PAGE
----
Google agrees to delete billions of Incognito mode data records

Google agrees to delete billions of Incognito mode data records
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A pattern of Google Incognito mode icons.

Google has promised to delete billions of records of browsing activity in its Incognito mode, after a class action lawsuit filed at a California federal court.

In December 2023, the tech giant decided to settle the case, which claimed that Google collects user data from the private mode available on the Chrome browser. The case, Brown v Google, was filed in 2020 by Google account holders who accused the company of “surreptitious tracking” of user data, and declared Google “‘one stop shopping’ for any government, private, or criminal actor who wants to undermine individuals’ privacy, security, or freedom.” The filing read:

Google tracks and collects consumer browsing history and other web activity data no matter what safeguards consumers undertake to protect their data privacy. Indeed, even when Google users launch a web browser with “private browsing mode” activated (as Google recommends to users wishing to browse the web privately), Google nevertheless tracks the users’ browsing data and other identifying information.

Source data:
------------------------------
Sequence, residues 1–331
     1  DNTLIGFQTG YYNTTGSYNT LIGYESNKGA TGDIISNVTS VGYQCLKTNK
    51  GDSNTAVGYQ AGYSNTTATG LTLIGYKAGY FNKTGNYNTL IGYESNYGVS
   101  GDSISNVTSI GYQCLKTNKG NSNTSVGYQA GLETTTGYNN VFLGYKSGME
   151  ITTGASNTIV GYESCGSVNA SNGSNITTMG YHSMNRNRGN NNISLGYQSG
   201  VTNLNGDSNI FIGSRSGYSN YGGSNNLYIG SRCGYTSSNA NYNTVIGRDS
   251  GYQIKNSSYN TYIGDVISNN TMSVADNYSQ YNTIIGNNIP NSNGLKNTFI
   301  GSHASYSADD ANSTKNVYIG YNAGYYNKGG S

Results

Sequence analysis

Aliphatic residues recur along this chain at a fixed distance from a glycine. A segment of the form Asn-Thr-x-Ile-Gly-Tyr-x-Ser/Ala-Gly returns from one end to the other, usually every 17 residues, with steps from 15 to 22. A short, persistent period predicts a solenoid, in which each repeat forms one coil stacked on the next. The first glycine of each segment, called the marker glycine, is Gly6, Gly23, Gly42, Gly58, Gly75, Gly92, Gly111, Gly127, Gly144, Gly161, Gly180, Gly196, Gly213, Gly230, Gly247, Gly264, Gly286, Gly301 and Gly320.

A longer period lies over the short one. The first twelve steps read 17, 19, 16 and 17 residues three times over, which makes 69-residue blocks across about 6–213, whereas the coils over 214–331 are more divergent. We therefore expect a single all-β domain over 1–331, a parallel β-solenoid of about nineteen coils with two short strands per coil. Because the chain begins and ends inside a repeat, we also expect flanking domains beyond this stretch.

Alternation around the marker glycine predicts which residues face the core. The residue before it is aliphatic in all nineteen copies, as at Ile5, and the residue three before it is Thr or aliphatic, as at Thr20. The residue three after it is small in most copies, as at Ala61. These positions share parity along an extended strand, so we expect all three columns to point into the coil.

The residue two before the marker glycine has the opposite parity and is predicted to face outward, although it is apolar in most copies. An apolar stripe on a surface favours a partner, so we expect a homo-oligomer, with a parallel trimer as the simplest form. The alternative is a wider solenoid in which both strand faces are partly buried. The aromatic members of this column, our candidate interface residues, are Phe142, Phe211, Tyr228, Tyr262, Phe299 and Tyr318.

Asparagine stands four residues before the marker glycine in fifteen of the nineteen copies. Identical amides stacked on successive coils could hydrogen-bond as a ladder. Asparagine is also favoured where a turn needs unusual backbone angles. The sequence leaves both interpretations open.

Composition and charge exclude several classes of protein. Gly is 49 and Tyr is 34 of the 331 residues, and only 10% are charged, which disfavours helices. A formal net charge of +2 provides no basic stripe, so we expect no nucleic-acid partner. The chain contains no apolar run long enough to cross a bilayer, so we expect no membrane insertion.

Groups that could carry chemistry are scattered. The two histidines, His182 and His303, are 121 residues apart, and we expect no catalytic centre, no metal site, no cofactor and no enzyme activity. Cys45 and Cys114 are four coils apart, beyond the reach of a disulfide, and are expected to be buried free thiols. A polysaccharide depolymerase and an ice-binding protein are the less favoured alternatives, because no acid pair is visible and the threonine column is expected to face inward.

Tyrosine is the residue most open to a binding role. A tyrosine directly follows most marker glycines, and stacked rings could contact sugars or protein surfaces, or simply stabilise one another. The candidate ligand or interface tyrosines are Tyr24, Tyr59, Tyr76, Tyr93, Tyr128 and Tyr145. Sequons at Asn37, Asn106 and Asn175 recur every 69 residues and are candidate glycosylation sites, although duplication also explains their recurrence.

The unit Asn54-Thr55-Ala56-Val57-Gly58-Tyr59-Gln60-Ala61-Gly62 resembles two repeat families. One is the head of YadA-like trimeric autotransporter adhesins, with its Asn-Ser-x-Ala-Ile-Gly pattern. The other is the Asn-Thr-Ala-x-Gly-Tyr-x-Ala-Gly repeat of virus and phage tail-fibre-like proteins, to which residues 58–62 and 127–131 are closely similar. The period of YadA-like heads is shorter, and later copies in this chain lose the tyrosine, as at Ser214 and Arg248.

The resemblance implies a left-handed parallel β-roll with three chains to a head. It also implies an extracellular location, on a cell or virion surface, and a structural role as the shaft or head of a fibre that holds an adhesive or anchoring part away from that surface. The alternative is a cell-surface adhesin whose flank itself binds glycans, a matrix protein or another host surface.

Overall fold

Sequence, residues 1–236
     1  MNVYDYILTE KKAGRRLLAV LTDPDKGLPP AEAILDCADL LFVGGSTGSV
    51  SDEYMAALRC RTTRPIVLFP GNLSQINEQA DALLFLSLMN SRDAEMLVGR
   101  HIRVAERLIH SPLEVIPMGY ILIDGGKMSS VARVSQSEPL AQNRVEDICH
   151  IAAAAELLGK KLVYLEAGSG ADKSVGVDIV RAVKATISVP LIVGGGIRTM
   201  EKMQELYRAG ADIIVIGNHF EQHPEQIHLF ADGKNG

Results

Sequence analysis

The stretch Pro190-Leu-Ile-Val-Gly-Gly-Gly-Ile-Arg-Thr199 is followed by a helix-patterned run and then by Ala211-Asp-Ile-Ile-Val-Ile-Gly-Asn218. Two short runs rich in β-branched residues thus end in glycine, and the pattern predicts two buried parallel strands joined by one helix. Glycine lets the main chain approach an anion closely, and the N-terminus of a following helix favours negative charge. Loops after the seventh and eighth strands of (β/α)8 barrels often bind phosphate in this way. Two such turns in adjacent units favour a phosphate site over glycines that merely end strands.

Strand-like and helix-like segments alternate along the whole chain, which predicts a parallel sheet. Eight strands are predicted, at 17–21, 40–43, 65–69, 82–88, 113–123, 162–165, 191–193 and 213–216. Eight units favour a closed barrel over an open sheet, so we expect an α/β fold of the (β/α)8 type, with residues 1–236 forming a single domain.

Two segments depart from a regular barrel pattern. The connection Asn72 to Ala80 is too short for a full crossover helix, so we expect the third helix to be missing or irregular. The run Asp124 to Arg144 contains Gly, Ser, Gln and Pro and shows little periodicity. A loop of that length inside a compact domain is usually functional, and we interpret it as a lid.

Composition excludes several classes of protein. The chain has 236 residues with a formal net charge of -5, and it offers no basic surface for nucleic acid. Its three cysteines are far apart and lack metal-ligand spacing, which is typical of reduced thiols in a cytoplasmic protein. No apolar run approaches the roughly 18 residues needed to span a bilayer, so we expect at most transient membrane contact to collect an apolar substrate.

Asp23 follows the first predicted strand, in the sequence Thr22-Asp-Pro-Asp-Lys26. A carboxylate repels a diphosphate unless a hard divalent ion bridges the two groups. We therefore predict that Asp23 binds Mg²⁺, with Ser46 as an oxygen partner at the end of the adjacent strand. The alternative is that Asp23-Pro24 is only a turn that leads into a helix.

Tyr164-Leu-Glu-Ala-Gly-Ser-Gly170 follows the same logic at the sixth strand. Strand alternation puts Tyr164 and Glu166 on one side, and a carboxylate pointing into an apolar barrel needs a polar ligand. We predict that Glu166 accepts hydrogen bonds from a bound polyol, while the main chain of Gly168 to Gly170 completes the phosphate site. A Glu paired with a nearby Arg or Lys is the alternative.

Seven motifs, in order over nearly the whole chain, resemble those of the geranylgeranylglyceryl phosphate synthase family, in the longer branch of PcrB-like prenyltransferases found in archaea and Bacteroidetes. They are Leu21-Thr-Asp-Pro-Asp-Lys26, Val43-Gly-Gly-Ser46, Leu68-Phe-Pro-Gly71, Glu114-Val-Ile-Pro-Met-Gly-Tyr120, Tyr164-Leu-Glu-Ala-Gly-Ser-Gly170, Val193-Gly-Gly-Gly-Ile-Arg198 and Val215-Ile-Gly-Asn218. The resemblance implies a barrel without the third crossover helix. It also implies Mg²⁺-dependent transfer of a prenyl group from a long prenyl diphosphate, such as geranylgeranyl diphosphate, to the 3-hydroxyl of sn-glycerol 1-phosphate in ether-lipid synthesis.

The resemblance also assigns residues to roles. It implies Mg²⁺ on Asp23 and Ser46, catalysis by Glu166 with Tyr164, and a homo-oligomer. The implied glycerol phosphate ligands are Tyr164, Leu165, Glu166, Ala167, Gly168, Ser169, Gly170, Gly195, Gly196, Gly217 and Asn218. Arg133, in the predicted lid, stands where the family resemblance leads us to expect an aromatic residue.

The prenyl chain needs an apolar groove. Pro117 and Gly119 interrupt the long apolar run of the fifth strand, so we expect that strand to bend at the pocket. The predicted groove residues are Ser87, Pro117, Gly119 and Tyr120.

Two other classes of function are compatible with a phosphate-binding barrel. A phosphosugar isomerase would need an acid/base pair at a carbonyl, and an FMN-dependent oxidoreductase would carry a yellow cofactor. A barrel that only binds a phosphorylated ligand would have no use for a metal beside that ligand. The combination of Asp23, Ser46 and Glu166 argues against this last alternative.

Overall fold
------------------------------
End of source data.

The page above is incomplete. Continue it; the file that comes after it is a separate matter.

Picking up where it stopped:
Under the settlement, Google said it will delete billions of data records and also provide greater transparency of the data it collects, letting users know what data is collected each time “incognito mode” is launched. These have already been implemented, with Chrome’s private browser displaying updated information. For the next five years, Google will additionally block third-party cookies as a part of the settlement.

The plaintiffs asked for $5 billion in damages, but the settlement holds no payment from Google. Individual users can instead pursue damages by filing their own complaints against Google in U.S. state courts. 50 people have already pursued this.

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José Castañeda, a Google spokesperson, said in a statement to CNN, “We are pleased to settle this lawsuit, which we always believed was meritless. We never associate data with users when they use incognito mode. We are happy to delete old technical data that was never associated with an individual and was never used for any form of personalization.”

The attorney representing consumers, David Boies, added in a statement that the settlement is “a historic step in requiring honesty and accountability from dominant technology companies”.

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